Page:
I just registered for the City of Los Angeles 225th Anniversary Celebration Walk! All nine miles of it, from San Gabriel Mission to downtown L.A. I’m starting to study and try to really understand, more and more, the history of Old California. Y’know, back in the days when it had only just proved not to be an island. I’ve always been fascinated with the history of Los Angeles, the American city, and how it went from being an American colony city to being a unique sprawling metropolis. But with the city celebrating it’s 225th year, I think it’s time to catch up a bit more with the Spanish and the Californios between now and Labor Day.
I started this on Saturday, when the boyfriend and I went to San Juan Capistrano. We were in Anaheim already for Bats Day, and I wanted to go on a history nerd expedition to one of the twenty-one Franciscan missions. California has a romanticized Spanish/Mexican history, which hasn’t continued unbroken, but rather, has resurfaced in the early 20th century. Carey McWilliams has a whole chapter on it in “Southern California: An Island On The Land”, but that book’s not with me right now, and I think it’s another entry anyways. The point is – we all know California’s history, but do we really see through the tourist attraction version to what the past actually meant? What is the reality of early Los Angeles history, versus the collective memory that the city has created?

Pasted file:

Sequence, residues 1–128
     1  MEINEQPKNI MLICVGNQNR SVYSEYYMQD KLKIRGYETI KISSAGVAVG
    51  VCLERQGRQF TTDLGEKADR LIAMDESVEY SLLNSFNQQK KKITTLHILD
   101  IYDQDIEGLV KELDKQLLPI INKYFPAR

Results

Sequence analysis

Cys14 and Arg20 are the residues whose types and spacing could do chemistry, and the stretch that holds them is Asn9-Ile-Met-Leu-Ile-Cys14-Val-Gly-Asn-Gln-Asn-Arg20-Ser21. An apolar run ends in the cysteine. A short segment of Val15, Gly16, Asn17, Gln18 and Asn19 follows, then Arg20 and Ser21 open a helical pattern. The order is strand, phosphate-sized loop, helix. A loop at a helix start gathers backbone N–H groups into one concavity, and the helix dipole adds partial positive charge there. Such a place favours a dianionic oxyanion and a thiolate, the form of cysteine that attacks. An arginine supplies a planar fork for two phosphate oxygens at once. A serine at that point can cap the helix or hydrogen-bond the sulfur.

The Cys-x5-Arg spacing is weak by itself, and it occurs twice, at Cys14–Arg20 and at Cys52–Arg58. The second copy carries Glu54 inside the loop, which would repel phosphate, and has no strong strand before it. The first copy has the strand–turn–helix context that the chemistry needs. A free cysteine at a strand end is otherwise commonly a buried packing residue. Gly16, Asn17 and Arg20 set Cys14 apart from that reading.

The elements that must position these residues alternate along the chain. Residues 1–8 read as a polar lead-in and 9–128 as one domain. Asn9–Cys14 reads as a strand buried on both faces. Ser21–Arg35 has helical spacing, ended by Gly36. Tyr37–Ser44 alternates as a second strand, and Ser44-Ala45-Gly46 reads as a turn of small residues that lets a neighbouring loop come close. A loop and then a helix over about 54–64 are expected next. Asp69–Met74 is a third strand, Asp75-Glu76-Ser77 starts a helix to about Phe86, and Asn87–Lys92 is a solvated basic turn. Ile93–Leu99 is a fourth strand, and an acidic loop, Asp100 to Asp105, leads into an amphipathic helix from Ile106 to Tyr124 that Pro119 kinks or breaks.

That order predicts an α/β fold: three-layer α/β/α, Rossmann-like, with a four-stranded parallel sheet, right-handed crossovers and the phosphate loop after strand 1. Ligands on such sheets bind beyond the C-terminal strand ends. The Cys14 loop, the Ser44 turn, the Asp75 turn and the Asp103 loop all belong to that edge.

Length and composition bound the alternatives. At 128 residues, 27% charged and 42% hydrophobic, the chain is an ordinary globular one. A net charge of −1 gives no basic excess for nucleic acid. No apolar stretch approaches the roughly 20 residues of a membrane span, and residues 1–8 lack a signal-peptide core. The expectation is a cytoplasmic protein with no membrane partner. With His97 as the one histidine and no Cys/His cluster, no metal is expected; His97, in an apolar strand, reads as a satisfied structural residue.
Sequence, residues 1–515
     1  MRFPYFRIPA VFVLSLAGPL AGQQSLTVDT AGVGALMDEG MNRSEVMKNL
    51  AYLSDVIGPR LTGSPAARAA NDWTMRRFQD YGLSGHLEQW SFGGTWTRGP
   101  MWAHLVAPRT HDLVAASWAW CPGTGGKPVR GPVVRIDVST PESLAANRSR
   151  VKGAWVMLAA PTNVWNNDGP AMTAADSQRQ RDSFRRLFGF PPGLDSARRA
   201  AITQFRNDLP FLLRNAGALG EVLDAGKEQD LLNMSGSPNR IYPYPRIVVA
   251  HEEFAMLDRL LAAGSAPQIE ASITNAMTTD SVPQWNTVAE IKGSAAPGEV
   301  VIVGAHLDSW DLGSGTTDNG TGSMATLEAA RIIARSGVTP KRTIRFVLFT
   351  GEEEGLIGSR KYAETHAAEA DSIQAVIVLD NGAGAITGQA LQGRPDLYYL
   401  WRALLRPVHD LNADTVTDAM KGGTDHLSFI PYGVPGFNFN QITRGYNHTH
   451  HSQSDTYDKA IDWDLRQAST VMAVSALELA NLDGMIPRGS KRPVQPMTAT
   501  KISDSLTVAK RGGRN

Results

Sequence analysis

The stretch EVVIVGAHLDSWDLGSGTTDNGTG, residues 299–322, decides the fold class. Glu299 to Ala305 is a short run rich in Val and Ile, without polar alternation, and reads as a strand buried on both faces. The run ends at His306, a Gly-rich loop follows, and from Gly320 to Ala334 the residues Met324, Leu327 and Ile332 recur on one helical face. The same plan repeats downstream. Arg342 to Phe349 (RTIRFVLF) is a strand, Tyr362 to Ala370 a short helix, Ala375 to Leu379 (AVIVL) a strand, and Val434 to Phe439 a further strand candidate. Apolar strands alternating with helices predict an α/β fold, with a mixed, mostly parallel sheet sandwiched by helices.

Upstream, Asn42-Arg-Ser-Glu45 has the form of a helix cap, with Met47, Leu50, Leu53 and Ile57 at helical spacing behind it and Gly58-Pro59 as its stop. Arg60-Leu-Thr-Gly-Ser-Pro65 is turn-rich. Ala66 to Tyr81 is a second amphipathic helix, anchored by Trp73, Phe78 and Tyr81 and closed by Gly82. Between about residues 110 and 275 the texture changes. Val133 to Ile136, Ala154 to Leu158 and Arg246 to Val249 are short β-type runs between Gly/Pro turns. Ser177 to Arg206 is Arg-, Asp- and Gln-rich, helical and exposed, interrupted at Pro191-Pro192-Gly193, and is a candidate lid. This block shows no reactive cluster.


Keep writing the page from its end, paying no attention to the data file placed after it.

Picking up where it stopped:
The mission at San Juan Capistrano is, of course, one of the twenty-one missions founded by Fray Junipero Serro (that’s him at right). Each one is a day’s travel apart. Most of them are, of course, on El Camino Real, the old Spanish road that so entrances me.
San Juan Capistrano was as beautiful as the brochures promised, by the way. The gardens were in full flower, the butterflies were rampant, and the adobe walls kept the insides of the mission cool for when all the lovely sunshine became too much. We spent a couple hours wandering around the courtyards, through the ruins of the church, past the rooms of artifacts that had been found on the site.
And it wasn’t that I really learned much new information – once you’ve done Olvera Street a couple times, you absorb a lot of early SoCal history – but it was just seeing it in its working context that intrigued me. The adobe molds used to make the bricks by hand that built the mission, the gardens that had to be hand-tilled or tilled with oxen (which is not as easy as it looks), the tanneries for the hides that provided the trade money to keep the theocracy of early California going – all of it done by hand, in a part of the world with no other infrastructure or cities.
I can sort of imagine what it would have been like to be one of the eleven families making that walk from San Gabriel down into the porcuincula around the L.A. river, 225 years ago. But I still want to experience it. Unfortunately, it’s a little more difficult to close one’s eyes, and imagine a time long gone, while walking through Lincoln Heights than it is while walking through the “jewel of the Franciscan ruins”, as I was on Saturday. I still think it will be a great experience though, especially since there will be so many people walking together on that morning. And, most importantly to me, it will be a chance to experience history a bit more as it really happened, instead of how we perceive the experiences of the city’s earliest settlers, from across two hundred twenty five years…and a completely different Americanized culture.